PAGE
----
They were booed unrelentingly when they received heir medals.

Don’t know if he was taking a shot at Triple A, but when by coincidence he was introducing that booed Paducah team of 1989 as an honor team, Dr. Breithaupt mentioned that this was a “real” Class A team. That had grown up together and gone to school since elementary and had worked together to reach their goals.

Academy players have become immune to hostile environments and even use it as motivation.

After the title game, coach Tony Singleton—the players former AAU coach—downplayed the negative reaction.

“We don’t worry about that,” he said. “Boos basically give us more motivation.”

“We know we aren’t going to have a lot of support,” Stallion guard Jeremiah Jefferson told the Dallas Morning News. “So to make the other crowd shut up when we are blowing them out so bad, it feels so good.”

Apparently they don’t teach humility or sportsmanship at this “school.”

They do have a media interview training class, however.

While Mumford filled its allotted section of seats and were clearly the crowd favorites, the Academy fans numbered about 20. To be honest, I can’t remember if they had cheerleaders.

Realizing its mistake, the UIL has made plans to put a halt to these charter schools. Signed by TEA Commissioner Michael Williams, it made a rule change that will require charter schools to compete in the lowest classification in their city district— but not until reclassification in 2014.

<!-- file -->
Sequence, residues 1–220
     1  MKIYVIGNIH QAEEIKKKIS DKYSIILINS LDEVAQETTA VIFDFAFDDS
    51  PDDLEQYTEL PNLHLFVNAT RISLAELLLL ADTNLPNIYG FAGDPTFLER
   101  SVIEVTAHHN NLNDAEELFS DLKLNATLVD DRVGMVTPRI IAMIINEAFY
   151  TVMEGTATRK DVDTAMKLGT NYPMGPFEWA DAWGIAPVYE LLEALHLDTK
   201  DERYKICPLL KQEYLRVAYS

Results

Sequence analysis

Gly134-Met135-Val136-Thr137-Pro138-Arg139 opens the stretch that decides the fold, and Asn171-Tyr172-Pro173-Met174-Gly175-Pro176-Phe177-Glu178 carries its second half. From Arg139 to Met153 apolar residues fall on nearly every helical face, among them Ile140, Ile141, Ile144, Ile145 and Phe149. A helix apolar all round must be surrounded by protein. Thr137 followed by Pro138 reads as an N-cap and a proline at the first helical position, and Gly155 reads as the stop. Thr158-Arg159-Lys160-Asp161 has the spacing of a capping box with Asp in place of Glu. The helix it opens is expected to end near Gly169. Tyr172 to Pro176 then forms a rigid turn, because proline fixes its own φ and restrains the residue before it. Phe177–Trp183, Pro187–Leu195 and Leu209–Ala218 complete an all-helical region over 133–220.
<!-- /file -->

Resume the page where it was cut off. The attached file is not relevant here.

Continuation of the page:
That new ruling would place Triple A in Class 3A, which is still too low—and a year too late.

I guess not letting them in in the first place is not an option.

Couldn’t find one coach over at Sholtz’s that thought letting the Academy in was a good idea.

Most used nouns like, “travesty,” “unfair,” “absurd” and “unbelievable.”

To be fair, Triple A has a clean record so far.

With Mumford returning four starters and who knows what five-star recruit will show up at Academy between now and then, we are fast-breaking toward a rematch in 2014.

Now Mumford was not afraid and they surely did not back down, they led after the first quarter and kept it close by intermission before succumbing.

Mumford was aiming to become just the eighth team in UIL history to finish the season unbeaten with at least 40 victories and the first since Dallas Lincoln in 2002.

They finished 39-1 and are 75-2 over the past two seasons.

Should there forever be an asterisk next to this game?

These Mumford kids worked their whole lives to achieve success and they were forced to face a manufactured school, who’s sole purpose for existing is to play basketball.

Mumford players are true representatives of their community.

If these guys were as good as they say they are, seems like they would want to face teams with like talent. Their average margin of victory was 51 points.

So congratulations Triple A, you are the Class A champions. The satisfaction in your achievement is something that is hard to comprehend.